Nat Rev Neurosci 2002 Apr;3(4):291-301
Hemmer B, Archelos JJ, Hartung HP.
Department of Neurology, Philipps-Universitat, Marburg 35033, Germany.
Multiple sclerosis (MS) is a commonly occurring inflammatory and demyelinating neurological disease.
It has been considered to be an autoimmune disorder mediated by CD4(+) type 1 T helper cells, but recent studies have challenged this idea by indicating a role for other immune cells.
So, T- and B-cell responses in the brain of patients with MS involve the clonal expansion of lymphocytes and the antigen-driven maturation of the B-cell receptors, indicating that the immune response in MS engages a broad range of immune cells that target a limited number of brain antigens.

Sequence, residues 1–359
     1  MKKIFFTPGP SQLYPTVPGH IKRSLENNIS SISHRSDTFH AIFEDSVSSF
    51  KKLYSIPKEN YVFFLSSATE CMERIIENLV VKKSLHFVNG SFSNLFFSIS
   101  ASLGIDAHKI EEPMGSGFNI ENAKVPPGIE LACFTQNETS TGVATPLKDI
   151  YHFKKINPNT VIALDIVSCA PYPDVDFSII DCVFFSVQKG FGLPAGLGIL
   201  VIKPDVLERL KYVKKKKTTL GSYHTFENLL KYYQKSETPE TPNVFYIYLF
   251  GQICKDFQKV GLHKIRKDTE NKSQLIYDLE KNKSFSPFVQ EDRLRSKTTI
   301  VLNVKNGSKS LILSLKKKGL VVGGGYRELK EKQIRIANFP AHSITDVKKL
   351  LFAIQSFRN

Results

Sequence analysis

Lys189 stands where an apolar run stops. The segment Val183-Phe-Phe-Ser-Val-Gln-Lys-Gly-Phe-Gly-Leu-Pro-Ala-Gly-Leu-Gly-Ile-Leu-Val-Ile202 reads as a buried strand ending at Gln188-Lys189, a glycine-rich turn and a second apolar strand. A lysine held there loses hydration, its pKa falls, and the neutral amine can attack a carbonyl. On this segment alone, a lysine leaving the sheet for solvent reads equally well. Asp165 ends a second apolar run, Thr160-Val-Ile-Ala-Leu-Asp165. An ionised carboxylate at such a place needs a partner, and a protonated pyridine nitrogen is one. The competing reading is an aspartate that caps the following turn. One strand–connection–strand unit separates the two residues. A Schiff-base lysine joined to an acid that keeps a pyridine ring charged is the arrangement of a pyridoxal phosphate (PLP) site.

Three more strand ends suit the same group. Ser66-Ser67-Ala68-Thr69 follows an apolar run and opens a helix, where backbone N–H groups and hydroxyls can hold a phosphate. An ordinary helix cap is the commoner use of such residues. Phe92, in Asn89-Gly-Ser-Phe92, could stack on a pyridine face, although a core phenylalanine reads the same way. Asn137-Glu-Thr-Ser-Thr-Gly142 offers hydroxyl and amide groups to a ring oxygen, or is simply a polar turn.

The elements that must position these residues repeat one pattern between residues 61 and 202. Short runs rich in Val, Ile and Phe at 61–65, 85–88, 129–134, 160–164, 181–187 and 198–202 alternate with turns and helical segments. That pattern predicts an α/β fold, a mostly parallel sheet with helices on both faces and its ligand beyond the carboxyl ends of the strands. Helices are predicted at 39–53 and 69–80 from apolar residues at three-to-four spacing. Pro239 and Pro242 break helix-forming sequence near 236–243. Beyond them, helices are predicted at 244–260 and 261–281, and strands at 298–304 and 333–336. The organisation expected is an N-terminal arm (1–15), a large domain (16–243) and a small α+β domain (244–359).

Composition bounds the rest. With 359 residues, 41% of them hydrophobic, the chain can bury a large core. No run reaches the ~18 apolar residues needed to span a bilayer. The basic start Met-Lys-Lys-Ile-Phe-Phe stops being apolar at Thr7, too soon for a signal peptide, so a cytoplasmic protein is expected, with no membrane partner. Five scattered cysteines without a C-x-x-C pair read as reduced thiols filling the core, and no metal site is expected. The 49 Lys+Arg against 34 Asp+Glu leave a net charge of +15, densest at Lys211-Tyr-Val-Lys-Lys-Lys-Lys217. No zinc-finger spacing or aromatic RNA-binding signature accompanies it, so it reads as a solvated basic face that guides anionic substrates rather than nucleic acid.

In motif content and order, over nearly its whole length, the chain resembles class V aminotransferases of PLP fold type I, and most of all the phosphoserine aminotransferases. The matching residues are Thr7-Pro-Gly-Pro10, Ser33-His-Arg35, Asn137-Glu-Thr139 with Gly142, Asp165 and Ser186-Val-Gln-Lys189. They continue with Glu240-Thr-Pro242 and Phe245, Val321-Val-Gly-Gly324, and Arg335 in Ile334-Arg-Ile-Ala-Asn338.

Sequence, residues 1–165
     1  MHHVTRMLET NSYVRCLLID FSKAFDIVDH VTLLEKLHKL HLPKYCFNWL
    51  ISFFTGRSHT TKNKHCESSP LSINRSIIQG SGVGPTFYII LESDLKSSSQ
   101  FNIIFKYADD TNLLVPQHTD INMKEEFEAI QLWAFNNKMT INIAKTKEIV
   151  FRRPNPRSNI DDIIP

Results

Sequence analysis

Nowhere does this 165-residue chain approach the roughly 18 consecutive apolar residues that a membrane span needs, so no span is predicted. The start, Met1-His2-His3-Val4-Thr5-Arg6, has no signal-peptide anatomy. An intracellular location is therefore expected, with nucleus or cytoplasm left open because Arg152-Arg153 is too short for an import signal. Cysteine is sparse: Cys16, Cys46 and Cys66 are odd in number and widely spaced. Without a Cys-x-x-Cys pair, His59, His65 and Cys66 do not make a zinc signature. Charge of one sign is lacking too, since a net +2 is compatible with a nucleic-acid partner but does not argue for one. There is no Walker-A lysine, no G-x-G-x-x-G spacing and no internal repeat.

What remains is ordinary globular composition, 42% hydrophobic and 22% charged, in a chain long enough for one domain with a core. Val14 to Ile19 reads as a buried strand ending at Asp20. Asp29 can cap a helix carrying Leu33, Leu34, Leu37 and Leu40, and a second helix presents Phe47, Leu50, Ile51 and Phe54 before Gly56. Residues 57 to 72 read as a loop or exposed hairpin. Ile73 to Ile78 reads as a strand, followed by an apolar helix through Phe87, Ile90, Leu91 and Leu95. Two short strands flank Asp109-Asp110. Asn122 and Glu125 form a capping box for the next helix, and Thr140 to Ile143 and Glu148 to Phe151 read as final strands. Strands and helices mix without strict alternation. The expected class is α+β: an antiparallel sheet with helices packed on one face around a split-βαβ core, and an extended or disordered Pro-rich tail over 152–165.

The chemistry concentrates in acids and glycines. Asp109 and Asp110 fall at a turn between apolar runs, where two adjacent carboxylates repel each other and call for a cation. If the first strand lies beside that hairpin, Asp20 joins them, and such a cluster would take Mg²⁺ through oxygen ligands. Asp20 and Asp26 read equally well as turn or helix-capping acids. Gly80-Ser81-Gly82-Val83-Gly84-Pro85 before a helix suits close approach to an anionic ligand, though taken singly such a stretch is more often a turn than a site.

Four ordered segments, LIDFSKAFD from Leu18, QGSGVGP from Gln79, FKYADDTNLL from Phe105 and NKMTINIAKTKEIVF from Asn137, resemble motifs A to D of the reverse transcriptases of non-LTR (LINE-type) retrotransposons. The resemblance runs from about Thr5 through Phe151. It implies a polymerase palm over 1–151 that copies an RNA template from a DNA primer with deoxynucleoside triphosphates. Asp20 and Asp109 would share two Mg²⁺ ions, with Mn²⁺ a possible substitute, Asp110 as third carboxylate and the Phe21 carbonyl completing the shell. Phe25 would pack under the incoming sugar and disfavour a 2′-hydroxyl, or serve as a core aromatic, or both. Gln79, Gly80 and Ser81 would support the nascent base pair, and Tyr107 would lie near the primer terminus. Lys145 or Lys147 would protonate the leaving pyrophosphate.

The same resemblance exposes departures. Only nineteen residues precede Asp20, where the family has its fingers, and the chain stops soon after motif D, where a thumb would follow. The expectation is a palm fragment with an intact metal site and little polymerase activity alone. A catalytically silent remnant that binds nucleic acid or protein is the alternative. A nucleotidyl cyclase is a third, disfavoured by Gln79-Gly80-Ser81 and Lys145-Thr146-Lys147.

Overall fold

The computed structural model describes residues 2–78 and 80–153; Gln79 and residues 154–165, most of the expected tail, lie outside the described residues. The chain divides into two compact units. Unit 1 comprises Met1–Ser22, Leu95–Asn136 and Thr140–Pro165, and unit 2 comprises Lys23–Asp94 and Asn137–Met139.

At variance with the classical view, axons are not spared during the inflammatory process.
Indeed, axonal damage determines clinical outcome to a large extent.
Studies of the mechanisms of axonal damage and neurodegeneration in MS are in their infancy.
Here, we summarize recent advances in our understanding of the pathogenesis of MS, and conclude with an outlook on how to capitalize on this knowledge to develop new therapeutic approaches.